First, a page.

It’s a question I am asked all the time: What’s a good credit score? The answer depends on what you’re applying for, says John Ulzheimer, the president of consumer education at CreditSesame.com.
“Different lending markets have a different tolerance, and what’s great in the auto market may not be great in the mortgage market,” he says. “Likewise, what’s considered OK in the auto market may not be considered OK in the credit card market.”
What that means is you should strive for the highest score you can — the range tops out at 850 — while keeping in mind the following:
VantageScore is making a play. There are two main credit scoring models: the FICO score, which you’ve no doubt heard about, and the VantageScore, which is a newer competitor created by the three major credit bureaus (Experian, Equifax and TransUnion). Until fairly recently, most experts maintained that the FICO score was the score consumers should focus on. It was the score lenders were using, and that meant it was the score borrowers should be pulling before applying for a loan.
But VantageScore is becoming increasingly relevant in today’s lending environment. Some 2,000 lenders used VantageScore in 2014 — including six of the 10 largest banks — and 1 billion scores were calculated and used by lenders last year, according to the company.
That’s impressive, says Ulzheimer, and it marks a shift in the advice here. He recommends pulling your FICO score and your VantageScore before applying for major credit, such as a mortgage or auto loan. Because a lender may use either (or both), you want to have an idea of where you stand, so you can potentially postpone your application if you find you need to bring your score up.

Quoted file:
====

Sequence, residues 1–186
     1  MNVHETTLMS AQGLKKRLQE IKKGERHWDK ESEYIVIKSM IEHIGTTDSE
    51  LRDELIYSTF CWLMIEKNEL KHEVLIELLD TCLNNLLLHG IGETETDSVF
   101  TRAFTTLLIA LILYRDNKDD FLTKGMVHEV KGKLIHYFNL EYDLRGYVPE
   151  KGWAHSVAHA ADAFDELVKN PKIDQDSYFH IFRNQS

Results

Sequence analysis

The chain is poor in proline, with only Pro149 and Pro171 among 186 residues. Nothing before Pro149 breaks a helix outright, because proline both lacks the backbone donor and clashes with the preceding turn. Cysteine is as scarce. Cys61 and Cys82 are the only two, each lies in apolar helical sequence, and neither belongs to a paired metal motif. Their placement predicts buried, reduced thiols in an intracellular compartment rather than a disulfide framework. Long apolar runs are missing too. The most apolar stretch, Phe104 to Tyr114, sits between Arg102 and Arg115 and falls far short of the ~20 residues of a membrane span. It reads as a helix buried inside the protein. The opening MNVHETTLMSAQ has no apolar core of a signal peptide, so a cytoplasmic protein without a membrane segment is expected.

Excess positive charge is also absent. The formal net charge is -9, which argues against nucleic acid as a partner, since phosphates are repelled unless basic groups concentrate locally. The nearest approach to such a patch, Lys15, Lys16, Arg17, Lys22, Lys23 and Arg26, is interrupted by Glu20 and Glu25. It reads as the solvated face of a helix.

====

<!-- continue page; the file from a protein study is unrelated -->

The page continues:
The VantageScore and FICO score now operate on the same scale — a range of 300 to 850, with the higher number the better — and your number from both should be fairly similar. And if they’re not? “That depends on the actual scores,” says Ulzheimer. “If you have a VantageScore of 800 and a FICO score of 840, the 40-point difference is meaningless because both scores say the same thing about you, which is that you are essentially void of risk.” If one score puts you in the “excellent” category and another rates you just “good” (more on this below), that’s cause for concern. You can ask a lender which score model they use, but it may not tell you.
You have many scores. Not only are there three versions (one from each credit bureau) of the VantageScore and the FICO score, there also are scores calculated from older scoring models and scores calculated for specific types of lenders. “If you get your score off myFICO.com or your credit card statement, it’s very unlikely that it exactly matches the score your lender is using,” says Greg Lull, the head of consumer insights at CreditKarma.com.
That’s not something to fret over — again, unless there is a drastic difference. “I wouldn’t feel comfortable if two of my scores are good and one is bad,” explains Lull. In that case, it’s likely the bureau with the bad score has some misinformation — or information that hasn’t yet been reported to the other two bureaus. Look over your credit report from each bureau carefully (you can get free copies at AnnualCreditReport.com). If your scores are in the same range, you can feel confident that lenders are seeing something similar.
Different lenders require different scores. As I noted above, the credit score required for the best interest rate — and sometimes for a loan approval — varies by lender and market. But a score of 760 and above — both VantageScore and FICO — will generally guarantee you the best deals in the mortgage and auto markets, according to Ulzheimer.
That’s why you should be concerned if your VantageScore is 760 and your FICO score is 750 — that 10-point difference can drop you down a level in the eyes of lenders. You can find out where to get a VantageScore — often for free — by visiting its website. You can purchase scores from FICO for $19.95 each.